Story Drama: Reading, Writing and Roleplaying Across the Curriculum


143 pages
Contains Bibliography
ISBN 1-55138-038-2
DDC 372.13'32





Reviewed by David E. Kemp

David E. Kemp is chair of the Drama Department at Queen’s University
and the author of The Pleasures and Treasures of the United Kingdom.


David Booth has for three decades been the most significant voice in the
Drama in Education movement in Canada. As a classroom teacher and a
professor of education, he has single-handedly changed perceptions of
drama’s place in the curriculum, of what makes good children’s
literature, and of the role of the teacher in the creative arts

In this book, Booth examines in a clear and insightful way how natural
roleplaying can serve as a conduit through which young people can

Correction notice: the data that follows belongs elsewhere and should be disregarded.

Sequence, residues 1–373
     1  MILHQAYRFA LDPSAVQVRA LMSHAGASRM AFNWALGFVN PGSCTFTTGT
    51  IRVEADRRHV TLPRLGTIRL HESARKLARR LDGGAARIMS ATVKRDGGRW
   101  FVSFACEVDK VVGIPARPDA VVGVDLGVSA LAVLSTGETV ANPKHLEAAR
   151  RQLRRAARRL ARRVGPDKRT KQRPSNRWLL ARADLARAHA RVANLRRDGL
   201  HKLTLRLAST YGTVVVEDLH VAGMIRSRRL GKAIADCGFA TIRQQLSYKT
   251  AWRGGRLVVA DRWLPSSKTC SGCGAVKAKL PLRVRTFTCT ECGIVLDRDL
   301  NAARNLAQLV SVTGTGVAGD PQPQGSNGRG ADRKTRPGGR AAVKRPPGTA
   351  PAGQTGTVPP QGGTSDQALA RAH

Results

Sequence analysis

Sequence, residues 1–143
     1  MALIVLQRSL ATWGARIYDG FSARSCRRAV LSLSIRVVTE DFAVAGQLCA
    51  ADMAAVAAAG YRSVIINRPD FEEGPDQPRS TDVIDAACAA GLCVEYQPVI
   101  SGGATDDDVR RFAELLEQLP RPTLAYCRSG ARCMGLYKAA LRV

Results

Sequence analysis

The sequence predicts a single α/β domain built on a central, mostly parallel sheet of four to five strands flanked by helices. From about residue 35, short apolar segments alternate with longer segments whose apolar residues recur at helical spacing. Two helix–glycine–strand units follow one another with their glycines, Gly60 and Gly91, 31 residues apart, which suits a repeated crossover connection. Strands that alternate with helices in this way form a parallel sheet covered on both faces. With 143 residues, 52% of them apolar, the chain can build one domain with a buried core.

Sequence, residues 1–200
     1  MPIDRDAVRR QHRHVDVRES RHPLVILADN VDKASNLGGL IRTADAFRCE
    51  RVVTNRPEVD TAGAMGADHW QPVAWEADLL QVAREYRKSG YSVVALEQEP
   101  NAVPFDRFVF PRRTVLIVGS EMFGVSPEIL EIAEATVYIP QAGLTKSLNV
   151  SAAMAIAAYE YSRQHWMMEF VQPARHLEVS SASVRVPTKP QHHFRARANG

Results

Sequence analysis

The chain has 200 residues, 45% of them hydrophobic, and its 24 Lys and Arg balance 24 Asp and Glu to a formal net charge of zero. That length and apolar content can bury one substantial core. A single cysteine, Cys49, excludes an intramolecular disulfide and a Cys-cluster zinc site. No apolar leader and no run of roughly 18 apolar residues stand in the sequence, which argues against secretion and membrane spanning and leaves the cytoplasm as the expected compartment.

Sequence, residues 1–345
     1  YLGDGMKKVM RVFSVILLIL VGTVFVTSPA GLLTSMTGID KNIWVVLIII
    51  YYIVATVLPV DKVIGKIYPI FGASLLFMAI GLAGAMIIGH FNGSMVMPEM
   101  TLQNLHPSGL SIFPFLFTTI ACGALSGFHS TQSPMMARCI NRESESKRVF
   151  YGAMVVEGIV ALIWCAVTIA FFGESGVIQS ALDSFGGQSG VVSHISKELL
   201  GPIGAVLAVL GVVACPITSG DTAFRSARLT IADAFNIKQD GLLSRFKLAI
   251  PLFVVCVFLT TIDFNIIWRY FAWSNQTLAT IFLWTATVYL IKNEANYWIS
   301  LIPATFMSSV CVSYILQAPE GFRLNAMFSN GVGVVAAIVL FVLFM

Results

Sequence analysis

explore and learn about the world in which they live. He begins with
simple storytelling and moves through different kinds of playing to an
in-depth examination of literacy, writing, problem solving, and
decisionmaking. At the same time, he discusses the teacher’s role in
this process and how, in order for the work to be really meaningful and
significant for the student, he or she needs to create within the
classroom a nonthreatening and sympathetic sense of community.

At a time when the artistic and aesthetic educational model is under
attack from all quarters, this wonderful book provides a rallying point
for the many thousands of educators who believe that differences are
more important than similarities and that learning is a co-operative act
between teachers and students. Story Drama should be in the library of
every education faculty and school resource centre.


Booth, David., “Story Drama: Reading, Writing and Roleplaying Across the Curriculum,” Canadian Book Review Annual Online, accessed June 13, 2024,